Praneeta had always been a fiercely independent and strong-willed woman. She had grown up in a small town where women were often seen as second-class citizens, but she refused to let that define her. Instead, she had worked hard to excel in her studies and land a job as a journalist in the city.
It was in the city that she first became acutely aware of the critical importance of media narratives in shaping our perceptions of women’s safety. She had seen how the media could either empower or disempower women, depending on the way they chose to frame stories about gender-based violence.
One particular incident had stayed with her. It was a story about a young woman who had been brutally raped and murdered on her way back from work. The media had portrayed her as a victim who had somehow brought the assault upon herself by being out late at night. The narrative had been so pervasive that even her own family members had started to believe it.
Praneeta knew this was wrong. She knew that no woman deserved to be violated or killed simply because she was trying to earn a living. And so she had made it her mission to change the media narrative around women’s safety.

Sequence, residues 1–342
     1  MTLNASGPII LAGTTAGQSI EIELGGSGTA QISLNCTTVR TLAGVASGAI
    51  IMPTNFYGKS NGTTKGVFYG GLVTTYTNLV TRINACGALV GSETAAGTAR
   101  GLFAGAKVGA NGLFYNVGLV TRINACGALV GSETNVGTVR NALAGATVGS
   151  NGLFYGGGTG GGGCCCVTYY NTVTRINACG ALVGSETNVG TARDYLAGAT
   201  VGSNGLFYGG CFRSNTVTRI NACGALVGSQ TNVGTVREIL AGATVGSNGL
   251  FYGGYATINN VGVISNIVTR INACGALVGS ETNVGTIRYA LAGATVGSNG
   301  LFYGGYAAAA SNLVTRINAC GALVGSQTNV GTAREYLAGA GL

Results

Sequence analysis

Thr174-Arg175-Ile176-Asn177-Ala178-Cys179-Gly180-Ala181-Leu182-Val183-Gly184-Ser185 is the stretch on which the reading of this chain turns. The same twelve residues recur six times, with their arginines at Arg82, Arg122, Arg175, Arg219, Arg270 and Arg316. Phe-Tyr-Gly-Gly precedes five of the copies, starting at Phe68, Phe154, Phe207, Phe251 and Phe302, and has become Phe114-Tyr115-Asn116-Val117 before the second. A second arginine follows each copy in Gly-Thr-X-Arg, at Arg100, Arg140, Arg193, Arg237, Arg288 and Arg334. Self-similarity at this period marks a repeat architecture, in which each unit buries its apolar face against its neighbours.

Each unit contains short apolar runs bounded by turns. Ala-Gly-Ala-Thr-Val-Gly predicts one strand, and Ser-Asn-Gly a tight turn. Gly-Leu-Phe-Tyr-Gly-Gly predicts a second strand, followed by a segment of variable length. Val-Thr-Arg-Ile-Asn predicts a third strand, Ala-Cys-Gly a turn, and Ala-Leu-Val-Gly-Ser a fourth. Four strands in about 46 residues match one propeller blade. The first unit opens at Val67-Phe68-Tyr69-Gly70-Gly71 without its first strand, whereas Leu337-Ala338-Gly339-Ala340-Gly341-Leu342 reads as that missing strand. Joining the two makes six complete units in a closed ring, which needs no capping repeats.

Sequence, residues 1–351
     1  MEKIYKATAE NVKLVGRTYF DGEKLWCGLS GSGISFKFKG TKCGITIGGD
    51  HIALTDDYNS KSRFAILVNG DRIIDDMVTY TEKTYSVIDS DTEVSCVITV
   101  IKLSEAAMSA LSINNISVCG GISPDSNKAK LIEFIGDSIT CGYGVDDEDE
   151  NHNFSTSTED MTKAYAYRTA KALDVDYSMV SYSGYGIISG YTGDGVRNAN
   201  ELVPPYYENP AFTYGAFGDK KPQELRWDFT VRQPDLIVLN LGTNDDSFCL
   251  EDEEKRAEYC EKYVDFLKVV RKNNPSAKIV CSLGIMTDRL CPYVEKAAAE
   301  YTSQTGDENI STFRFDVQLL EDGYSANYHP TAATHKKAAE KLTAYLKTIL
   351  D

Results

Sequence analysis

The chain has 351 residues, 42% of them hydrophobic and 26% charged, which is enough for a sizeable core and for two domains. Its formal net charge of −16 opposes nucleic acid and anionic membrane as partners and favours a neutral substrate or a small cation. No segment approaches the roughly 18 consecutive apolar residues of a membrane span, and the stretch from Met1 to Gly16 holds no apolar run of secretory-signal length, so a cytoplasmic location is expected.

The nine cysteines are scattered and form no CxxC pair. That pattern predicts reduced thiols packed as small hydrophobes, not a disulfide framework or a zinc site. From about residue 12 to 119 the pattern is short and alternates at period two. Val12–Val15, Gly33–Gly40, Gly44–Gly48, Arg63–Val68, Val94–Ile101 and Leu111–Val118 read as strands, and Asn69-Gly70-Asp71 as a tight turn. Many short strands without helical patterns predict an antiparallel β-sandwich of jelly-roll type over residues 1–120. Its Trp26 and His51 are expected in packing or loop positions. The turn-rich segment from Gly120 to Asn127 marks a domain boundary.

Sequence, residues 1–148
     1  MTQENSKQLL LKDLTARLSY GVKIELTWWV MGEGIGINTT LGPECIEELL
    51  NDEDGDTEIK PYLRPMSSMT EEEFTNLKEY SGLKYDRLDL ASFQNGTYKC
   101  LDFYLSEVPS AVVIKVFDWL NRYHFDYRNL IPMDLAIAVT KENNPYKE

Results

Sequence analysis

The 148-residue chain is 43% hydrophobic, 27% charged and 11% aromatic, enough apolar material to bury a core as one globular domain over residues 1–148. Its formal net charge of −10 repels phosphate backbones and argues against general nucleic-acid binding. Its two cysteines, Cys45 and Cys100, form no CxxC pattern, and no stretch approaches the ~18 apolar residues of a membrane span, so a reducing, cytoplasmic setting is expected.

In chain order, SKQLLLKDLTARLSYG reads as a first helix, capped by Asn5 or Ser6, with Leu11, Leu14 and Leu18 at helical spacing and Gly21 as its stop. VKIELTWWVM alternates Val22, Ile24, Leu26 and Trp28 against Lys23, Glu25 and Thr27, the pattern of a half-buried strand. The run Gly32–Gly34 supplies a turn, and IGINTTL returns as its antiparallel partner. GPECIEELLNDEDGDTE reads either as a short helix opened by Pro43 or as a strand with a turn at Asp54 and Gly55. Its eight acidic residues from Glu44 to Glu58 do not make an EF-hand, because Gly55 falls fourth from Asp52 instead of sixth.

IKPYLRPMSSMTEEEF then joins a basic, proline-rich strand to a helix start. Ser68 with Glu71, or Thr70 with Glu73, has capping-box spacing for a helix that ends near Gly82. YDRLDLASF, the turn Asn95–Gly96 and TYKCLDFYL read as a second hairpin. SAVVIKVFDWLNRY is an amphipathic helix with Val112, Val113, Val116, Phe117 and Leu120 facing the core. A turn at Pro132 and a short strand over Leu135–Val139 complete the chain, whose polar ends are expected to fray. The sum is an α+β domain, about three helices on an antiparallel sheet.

She started by writing articles that challenged the victim-blaming discourse that had become so commonplace. She interviewed survivors of sexual assault and harassment and gave them a platform to share their stories. She also started to organize events and workshops aimed at educating people about the realities of gender-based violence and the importance of media representation.
At first, she faced a lot of resistance. Many of her colleagues saw her as too radical and thought that she was making a mountain out of a molehill. But Praneeta refused to back down. She knew that her work was too important to be dismissed as mere activism.
Slowly but surely, she started to make an impact. Her articles were gaining traction, and people were starting to take notice. She even managed to get a few high-profile media outlets to change the way they covered stories about women’s safety.
But Praneeta’s journey was far from easy. She faced a lot of backlash and even received death threats from people who didn’t want to see the status quo challenged. But she refused to be intimidated. She knew that her work was making a difference, and that was all that mattered.
Today, Praneeta is a powerful advocate for change. She continues to write and speak about the critical importance of media narratives in promoting women’s safety. She has inspired countless others to speak out against gender-based violence and work towards a world where all women can feel safe and secure.
The story of Praneeta is a testament to the power of media narratives in shaping our perceptions of women’s safety. It shows us that the stories we tell about gender-based violence can either reinforce harmful stereotypes or empower survivors and promote positive change.
As individuals and as a society, we have a responsibility to promote positive media narratives that center on women’s safety and wellbeing. We must challenge victim-blaming discourses and work towards creating a culture of accountability and respect.